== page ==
Following Up: Naoki Urasawa’s Monster, Then And Now

The following was written on January 2nd, 2009:


So following my last post on the recently completed Naoki Urasawa’s MONSTER, I went for a drink with my friends Derek and Gary, and we shot the shit about the series over beers. I have to say I feel a lot better about the ending having bounced my thoughts off of a couple of smart, well-read comics fans.

So, Spoilers.

Essentially, I wasn’t sure if all of the plot threads that had been developed had actually woven together in the end. My biggest problem was that the exact nature of the lessons were never really revealed. We even got to see into them at one point, but it seemed to be mostly recitations of a few songs and books… I ended up filling in the gaps, realising that the same sort of subliminal manipulation that Johan had been using throughout the series is the same way that he was manipulated, that the books/songs were part of that… but considering the volume of… data… dumped on the reader in the last few volumes, it would’ve been nice to get more than a peak through a partially-opened door. But yeah, I made my peace, and the theme of tearing down society being repeated from small to large (Johann manipulating individual children, the orphanage, the cartels, and finally a whole town) helped put all of it into perspective.

The other thing that bothered me was the cross-dressing. It was immediately obvious to me that Nina and Johann were switched during the scenes with the children being taken away to the Rose Mansion the first time, that it was Nina that was “awakened” and that Johan was fucked up in other ways, but I don’t understand why they were both dressed as girls as children. I suppose it’s because their mom would’ve gotten kicked out if she had two children rather than one? I don’t remember that being addressed though, and it just struck me as a little “surprise for surprise’s sake.”

Finally, I had a general sense of unease about the very ending, the conversation between Tenma and the twins’ mother, and the ‘conversation’ between Tenma and Johan. Essentially, I thought the former should have been more explicit, and the latter seemed like a cheat. My friend Derek put forth the theory that the conversation between Tenma and Johan really didn’t happen, and instead, Tenma’s dream was actually the content of his conversation with the mother. Johan wouldn’t have known about the mother’s decision. That kind of works, for me, but it requires some logical leaps that aren’t really in the story. I’m inclined to be more foregiving because I enjoyed everything up to the end very much, MONSTER is really a fantastic page-turning read, but I also feel it’s the kind of series that, because it turned on its plot reveals, needed an ending that was really conclusive and put all of the toys back in the box. Abhay has the right idea in the comments section:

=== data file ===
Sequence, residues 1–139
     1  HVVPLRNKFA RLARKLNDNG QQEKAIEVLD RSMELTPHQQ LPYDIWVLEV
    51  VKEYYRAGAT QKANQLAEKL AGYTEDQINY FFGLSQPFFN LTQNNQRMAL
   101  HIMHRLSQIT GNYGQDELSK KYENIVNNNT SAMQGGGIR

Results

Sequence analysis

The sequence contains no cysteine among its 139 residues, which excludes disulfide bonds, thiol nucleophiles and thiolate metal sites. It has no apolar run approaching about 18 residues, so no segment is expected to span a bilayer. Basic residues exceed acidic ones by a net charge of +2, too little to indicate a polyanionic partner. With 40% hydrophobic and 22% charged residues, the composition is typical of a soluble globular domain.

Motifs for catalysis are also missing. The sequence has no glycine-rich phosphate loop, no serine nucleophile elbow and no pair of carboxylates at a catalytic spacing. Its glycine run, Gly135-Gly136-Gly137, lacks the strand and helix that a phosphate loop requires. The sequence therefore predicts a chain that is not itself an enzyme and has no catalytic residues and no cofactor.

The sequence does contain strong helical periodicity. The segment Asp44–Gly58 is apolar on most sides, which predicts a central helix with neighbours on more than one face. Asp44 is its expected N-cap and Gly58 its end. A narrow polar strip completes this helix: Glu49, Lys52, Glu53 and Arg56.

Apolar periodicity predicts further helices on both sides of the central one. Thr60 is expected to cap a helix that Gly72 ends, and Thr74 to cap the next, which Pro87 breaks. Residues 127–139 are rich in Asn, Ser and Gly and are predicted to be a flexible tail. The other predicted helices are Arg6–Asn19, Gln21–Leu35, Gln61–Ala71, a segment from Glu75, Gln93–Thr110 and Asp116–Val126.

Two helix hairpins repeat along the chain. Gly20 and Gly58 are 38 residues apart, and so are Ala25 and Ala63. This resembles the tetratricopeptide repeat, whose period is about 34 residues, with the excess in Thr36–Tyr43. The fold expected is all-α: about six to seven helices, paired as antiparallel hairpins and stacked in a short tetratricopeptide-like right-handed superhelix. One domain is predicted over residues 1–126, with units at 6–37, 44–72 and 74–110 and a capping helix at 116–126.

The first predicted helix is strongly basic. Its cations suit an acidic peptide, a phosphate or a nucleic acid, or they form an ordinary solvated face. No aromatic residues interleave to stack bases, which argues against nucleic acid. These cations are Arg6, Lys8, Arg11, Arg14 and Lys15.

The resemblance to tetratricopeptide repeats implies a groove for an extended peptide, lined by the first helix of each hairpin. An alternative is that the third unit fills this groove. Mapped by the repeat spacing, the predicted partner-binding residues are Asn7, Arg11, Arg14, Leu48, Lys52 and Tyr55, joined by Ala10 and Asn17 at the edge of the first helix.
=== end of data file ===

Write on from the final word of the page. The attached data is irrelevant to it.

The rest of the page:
“I was really disappointed with Monster’s ending when I read it, but having looked at it again since, I think it’s an okay set of chapters on its own terms, that just suffers just in terms of the expectations that are built going into it, based upon 17 previous books with more at stake. On its own terms it’s as thoughtful and entertaining as any previous episode– just as an ending, I felt disappointed.” – Abhay 

…and then I stopped writing. I got distracted by the site re-design, and my manga industry posts, and tenthousand other things. And now it is February 16th and I have something to add.

Since beginning to write a follow-up on my reaction to Monster, I’ve had a chance to really ruminate on the series and discuss it with people. A good number of my customers read this site now, and so they’ll come in to the store after reading something I’ve written here and ask me questions like “So you didn’t like Monster’s ending… should I keep reading it?” and my gut reaction is “Yes, of course.” Not because I’m a salesperson (heh) but because when I think about the time I spent reading Monster, I realize that I really, really enjoyed it. My disatisfaction with the ending was for what I thought were very specific reasons, but the ending very clearly didn’t ruin my enjoyment of the rest of it. And! And the more I thought about it, the more I really enjoyed it.

Okay, I’m going to stop talking in bold.

So, I went back and read the comments to my last post on Monster a couple of times and I think that, really, there are different readings of the series and some of them work and some of them don’t. Myk, one of the commenters, said this:

Well, it’s been something like two years since I read Monster, but I always thought that, as much as it is a riff on the classic “innocent fugitive wants to prove his innocence” theme, it is also an allegorical take on the creation process of an author.

Case in point, the huge role that books play in the second half of the series, how theMonster is created and all that. I saw Tenma and Johann as the two main forces an author has to fight with, when creating a work of fiction.